< FRONT PAGE < WRITING





Introduction to
Children's Ministry Guide to
Building a Team

by Andy Back

Published in June by Children's Ministry, 2003
You can buy this book by clicking here

'And it's Ryan Giggs on the ball now for Manchester United,' cries the commentator.

'Just one minute of time added on left to play, and the scores are level. Giggs takes it from his own goalkeeper with a flick of the ankle, and dribbles the ball forward. He's drifting a little to the favoured left wing now. He's run by some of his team-mates, and he's approaching the opposition winger. He's passed him and cuts slightly inside as he maintains possession for Manchester United. He's across the half-way line now, and the Chelsea players are queueing up to tackle him.

' But Giggs skips past one, and nutmegs another as he brings the ball expertly towards the edge of the penalty area. He looks up briefly and sets himself for a shot. But in comes a fullback with a tackle… but Giggs has sidefooted the ball out of harm's way and steadies himself again. He draws back his left foot and slams the leather into the net, leaving the Chelsea goalkeeper floundering! That's the winning goal! What a wonderful solo effort from Ryan Giggs! That's the Individual Goal of the Season for sure!'

We all thrill to see someone who has the skill to do everything themselves and to make the difference between an average result and a truly great or memorable one.
But in sport, and even with the undisputed skills of Giggs, it's much more usual to see the ball move from player to player. It is released by the goalie to the backs, up to the midfield and then passed expertly onto the foot or head of a striker, who then applies the finish to score the goal. After all, it's a team game and is designed to be played that way.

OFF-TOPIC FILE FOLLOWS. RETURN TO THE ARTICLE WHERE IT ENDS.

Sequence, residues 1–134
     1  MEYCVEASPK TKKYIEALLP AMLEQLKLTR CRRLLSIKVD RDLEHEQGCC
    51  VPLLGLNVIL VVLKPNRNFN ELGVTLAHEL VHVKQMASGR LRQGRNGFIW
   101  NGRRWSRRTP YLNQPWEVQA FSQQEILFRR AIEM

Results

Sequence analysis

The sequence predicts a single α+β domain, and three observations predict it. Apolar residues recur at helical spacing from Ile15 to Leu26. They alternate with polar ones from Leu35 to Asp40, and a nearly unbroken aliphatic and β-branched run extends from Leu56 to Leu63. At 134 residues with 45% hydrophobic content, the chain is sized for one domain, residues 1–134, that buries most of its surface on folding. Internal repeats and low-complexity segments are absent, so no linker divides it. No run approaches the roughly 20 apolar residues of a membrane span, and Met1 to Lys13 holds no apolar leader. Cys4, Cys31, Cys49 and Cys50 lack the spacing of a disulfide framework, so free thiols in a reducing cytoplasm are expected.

And that, my friends, is the first and last of the sport analogies that you'll find in this book (except for a very brief paragraph towards the middle of chapter seven, which is preceded by an appropriate warning).

Serving God together is all about teamwork as well. Jesus recruited the disciples so that they could learn to work as a team. Moses recruited a team and learned to delegate. King David gathered a team of mighty men, and then made famous mistakes. And we need each other in order to serve the children in our care.

Here are some of my greatest foul-ups, lessons learned the hard way, mistakes, errors and tiny successes along the journey. I have benefitted from great leaders and from wonderful volunteers. The children and young people have been served well, and the Kingdom of God has been brought into many lives. May your stories contain fewer bumps and bruises, and much, much more glory.

© 2003 Children's Ministry